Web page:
The decentralized structure of outsourcing can offer both economic and non-economic benefits. Economic benefits can be reached because services or tasks are not controlled by a centralized control structure, but are guided by market factors to determine cost and levels of service. Additionally, outsourcing can be extremely flexible, thereby reducing opportunity costs and adding strategic value. In companies working with short product life cycles, critical components, resources or expertise can be obtained faster than could be developed internally. Through outsourcing, a company can adapt quickly by accessing areas of expertise that are not immediately available to the organization internally and that would otherwise be costly and time consuming to develop or purchase. An exceptionally successful example of this can be seen in the Toyota automobile company (Watts, 2003). Toyota consists of approximately two hundred different companies that are integrated to supply all the parts and expertise to create their cars and trucks in an extremely efficient manner. For companies involved in projects with short life spans, specific combinations of skills and people can be utilized only for the duration that they are needed (Malone, 2004). This flexibility also allows organizations to access a higher level of knowledge and expertise and to be more competitive than might normally be affordable on a full time basis.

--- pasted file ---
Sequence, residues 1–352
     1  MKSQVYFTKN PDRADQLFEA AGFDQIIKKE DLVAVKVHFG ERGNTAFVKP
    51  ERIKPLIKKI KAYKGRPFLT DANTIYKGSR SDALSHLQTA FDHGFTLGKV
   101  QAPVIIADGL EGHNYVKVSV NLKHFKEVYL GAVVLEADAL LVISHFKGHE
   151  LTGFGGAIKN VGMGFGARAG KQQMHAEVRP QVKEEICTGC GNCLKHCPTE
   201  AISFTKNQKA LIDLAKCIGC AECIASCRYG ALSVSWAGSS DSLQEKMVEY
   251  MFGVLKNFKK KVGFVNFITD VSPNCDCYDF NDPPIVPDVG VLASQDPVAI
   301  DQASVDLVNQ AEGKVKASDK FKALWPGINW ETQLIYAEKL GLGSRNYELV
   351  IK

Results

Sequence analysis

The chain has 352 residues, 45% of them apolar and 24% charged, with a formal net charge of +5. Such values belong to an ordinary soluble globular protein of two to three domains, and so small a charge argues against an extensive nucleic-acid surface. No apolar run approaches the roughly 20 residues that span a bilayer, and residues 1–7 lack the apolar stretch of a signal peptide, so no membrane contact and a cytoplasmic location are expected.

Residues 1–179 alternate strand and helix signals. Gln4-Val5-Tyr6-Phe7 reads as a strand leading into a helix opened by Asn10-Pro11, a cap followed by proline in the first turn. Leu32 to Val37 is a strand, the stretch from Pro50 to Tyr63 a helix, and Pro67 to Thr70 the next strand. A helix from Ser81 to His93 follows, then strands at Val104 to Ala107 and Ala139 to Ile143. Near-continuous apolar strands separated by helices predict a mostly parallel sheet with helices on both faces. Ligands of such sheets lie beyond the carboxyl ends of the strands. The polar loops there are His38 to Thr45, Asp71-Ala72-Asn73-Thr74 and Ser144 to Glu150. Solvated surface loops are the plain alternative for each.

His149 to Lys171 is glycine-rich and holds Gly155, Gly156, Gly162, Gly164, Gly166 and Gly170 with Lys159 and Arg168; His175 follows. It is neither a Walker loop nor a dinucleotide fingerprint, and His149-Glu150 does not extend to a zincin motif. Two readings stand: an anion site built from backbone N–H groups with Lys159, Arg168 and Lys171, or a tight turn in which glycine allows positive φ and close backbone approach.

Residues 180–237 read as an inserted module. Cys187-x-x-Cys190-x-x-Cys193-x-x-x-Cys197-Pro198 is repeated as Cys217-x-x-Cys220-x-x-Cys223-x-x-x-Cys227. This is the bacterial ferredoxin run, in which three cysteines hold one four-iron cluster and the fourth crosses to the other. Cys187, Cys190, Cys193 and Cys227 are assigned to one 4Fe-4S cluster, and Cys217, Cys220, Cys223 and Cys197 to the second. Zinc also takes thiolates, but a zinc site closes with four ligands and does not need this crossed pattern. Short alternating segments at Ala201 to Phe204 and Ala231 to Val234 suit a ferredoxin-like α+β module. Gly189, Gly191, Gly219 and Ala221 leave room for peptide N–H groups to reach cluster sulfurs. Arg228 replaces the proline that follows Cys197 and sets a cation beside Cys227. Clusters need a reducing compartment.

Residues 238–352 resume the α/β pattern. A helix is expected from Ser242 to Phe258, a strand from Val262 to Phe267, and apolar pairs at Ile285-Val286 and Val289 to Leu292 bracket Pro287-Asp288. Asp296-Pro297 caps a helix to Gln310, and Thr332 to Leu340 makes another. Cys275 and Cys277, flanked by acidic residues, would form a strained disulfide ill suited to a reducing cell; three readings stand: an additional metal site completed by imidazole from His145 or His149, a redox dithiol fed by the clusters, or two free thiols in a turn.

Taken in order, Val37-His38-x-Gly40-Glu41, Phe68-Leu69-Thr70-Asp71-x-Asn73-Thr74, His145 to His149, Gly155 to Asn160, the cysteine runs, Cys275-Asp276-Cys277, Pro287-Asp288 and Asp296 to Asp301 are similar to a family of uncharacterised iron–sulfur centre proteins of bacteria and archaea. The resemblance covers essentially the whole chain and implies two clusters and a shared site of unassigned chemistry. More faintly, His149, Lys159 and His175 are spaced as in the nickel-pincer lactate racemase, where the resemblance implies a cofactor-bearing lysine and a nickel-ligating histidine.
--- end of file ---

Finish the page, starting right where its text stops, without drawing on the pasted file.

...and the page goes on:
Decentralization offers benefits to employees as well. Malone (2004) describes decentralized structure as one where "power, ownership, and initiative [are] distributed throughout a whole market" (p. 74). The freedom and autonomy of working in a decentralized way, where employees maintain a greater level of control over their own business, provides a more enjoyable work environment. This increased control and sense of ownership often creates additional benefits. People are more motivated by the increased ownership of responsibility. Additionally, employees feel in more direct competition with other providers of the same service, which leads to increased innovation and levels of specialization. These benefits are subsequently translated directly to the company that utilizes this outsourced service.
There are also strategic benefits from being geographically distributed. Overseas outsourcing in multiple time zones for example, offers the potential for a 24-hour workday without having to pay for overtime. And even a less global distribution can provide reduced impact from regionally specific problems such as a natural disaster or a local system outage.
Even with all the optimistic possibilities, a decentralized organization is not always desirable. Some organizations that require the ability to coordinate large-scale systems with relatively little communication may be better suited to a hierarchical structure. The classic example of this is military organizations where a clear chain of command and rapid response times are critical (Malone, 2004). Also, companies that have long product life cycles, long life spans, or working on difficult or complex problems may not be well suited to decentralization.
Figure 1 (Malone, 2004, p. 113)